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"As long as human rights are violated, there can be no foundation for peace. How can peace grow where speaking the truth is itself a crime?"

Cinesol Movie Review: Heaven In Exile

September 16, 2010

Crystal Olvera
The Monitor
September 14, 2010

Omar W. Rosales takes on a heavy burden in
documenting the life and culture of the Tibetan
people in his documentary “Heaven in Exile.”
Tibet’s struggle for Independence has long been
chronicled in numerous documentaries, feature
films and in the media. So what new information
does Rosales bring to the table? Not much.

To cover an extensive topic like Buddhism is a
daunting project, but Rosales attempts to do it
anyway. Although he manages to capture beautiful
landscapes and remarkable portraits of Tibetan
people, the documentary may still be too big of a
challenge for this first-time director.

Rosales spends time visiting Indian monasteries
in places such as Darjeeling, Dharmsala and
Siliguri. He interviews monks in training and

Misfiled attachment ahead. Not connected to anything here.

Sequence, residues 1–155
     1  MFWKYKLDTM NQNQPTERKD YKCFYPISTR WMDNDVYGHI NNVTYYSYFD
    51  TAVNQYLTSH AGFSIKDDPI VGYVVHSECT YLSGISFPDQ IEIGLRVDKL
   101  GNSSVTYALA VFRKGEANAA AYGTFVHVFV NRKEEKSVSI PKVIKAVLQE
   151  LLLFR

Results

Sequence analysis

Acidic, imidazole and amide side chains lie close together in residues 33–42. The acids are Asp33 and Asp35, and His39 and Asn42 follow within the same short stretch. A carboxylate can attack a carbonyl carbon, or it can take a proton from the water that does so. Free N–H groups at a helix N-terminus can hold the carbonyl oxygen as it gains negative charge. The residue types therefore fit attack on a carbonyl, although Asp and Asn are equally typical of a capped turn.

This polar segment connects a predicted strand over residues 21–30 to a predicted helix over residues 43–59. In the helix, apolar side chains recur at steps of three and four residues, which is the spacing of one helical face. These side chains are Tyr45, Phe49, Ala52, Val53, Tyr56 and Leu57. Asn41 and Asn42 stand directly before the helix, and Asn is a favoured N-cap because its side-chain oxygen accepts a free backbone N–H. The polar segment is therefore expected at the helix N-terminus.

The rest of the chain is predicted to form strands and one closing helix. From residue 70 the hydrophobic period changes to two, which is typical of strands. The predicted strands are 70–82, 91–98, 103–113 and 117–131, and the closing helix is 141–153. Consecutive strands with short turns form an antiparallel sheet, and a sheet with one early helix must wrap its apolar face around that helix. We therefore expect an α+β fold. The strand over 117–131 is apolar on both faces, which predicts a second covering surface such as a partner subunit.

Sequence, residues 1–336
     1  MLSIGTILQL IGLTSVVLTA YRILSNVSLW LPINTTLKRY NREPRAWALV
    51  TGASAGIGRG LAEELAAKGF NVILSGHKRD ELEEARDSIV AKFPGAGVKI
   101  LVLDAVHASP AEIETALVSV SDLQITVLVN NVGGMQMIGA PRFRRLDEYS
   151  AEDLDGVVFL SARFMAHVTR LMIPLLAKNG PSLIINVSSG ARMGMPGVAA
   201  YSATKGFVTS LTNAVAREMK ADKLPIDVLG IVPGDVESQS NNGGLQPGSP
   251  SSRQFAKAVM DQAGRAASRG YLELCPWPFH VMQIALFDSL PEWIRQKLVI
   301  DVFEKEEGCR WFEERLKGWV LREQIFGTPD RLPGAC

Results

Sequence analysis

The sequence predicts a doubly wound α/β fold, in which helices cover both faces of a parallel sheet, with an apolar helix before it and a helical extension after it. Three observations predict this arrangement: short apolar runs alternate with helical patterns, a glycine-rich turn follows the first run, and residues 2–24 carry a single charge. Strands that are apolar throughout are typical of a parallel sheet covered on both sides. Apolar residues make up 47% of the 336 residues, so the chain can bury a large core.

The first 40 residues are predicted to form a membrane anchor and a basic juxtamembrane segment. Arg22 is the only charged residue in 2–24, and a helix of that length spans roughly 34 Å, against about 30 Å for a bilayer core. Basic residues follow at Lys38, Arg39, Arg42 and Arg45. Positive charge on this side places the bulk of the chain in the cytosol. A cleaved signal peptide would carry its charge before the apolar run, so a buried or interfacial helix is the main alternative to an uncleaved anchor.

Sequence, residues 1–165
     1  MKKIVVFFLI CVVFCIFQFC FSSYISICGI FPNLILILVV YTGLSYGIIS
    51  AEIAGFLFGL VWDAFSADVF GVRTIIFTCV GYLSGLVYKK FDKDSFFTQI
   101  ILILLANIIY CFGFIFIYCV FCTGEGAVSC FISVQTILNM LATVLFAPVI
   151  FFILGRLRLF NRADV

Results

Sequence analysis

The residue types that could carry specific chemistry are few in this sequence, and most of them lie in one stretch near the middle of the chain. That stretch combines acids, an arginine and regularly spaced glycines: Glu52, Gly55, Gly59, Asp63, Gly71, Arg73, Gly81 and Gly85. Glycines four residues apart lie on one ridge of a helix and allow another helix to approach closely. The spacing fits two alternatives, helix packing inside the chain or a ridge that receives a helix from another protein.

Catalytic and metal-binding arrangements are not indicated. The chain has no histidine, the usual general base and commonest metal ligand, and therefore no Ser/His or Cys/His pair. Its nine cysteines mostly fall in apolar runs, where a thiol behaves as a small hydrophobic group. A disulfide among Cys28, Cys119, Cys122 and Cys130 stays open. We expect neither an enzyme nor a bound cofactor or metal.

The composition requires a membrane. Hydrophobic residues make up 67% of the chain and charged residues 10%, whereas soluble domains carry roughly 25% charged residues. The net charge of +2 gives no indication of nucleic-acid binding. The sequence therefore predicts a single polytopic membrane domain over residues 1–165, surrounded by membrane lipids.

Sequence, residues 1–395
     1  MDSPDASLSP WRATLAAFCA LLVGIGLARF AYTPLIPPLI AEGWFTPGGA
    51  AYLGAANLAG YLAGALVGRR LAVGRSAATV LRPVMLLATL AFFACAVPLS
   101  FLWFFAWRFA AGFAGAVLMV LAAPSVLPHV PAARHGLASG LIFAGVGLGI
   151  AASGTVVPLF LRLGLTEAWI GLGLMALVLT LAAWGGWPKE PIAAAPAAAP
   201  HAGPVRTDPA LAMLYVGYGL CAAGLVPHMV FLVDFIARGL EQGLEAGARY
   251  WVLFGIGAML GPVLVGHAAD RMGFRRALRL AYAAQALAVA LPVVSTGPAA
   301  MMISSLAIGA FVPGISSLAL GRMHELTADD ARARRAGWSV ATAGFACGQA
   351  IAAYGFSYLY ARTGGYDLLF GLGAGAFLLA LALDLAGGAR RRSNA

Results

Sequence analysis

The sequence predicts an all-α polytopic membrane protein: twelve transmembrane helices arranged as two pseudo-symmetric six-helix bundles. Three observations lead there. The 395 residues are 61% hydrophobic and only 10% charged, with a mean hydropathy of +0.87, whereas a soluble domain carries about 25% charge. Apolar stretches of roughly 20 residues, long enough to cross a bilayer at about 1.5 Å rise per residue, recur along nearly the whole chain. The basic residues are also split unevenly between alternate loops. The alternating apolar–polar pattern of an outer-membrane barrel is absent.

experts on Tibetan Buddhism, including the Dalai Lama.

Shots of young monks getting their heads shaved
and a close-up view of some of the ceremonies
held in the monasteries make up the most
compelling footage. Interviews with the Dalai
Lama and the Karmapa, the head of the Karma Kagyu
sect of Tibetan Buddhism, are both insightful,
but the film still leaves much to be desired.

At times, the documentary seems disjointed and
lacks clear transitions between topics. Some of
the footage is shown without narration, which
could better inform the viewer of what is
happening. What did the orange flower petals
scattered across the street signify before the
ceremonies? How did these children feel about becoming monks?

Also, the director’s hosting and interviewing
style is awkward, and at times, it distracts from
the stories his subjects are trying to tell.
Rosales’ purpose for the film is also confusing.
He introduces himself as a traveler, but says
nothing about what he hopes to accomplish, except
to “locate a heaven in exile.”

Nevertheless, the film gives viewers a glimpse
into the life of the teachings of the Dalai Lama
even if it’s just a snapshot. And those searching
for a view of India’s colorful landscapes may
also want to give “Heaven in Exile” a try.
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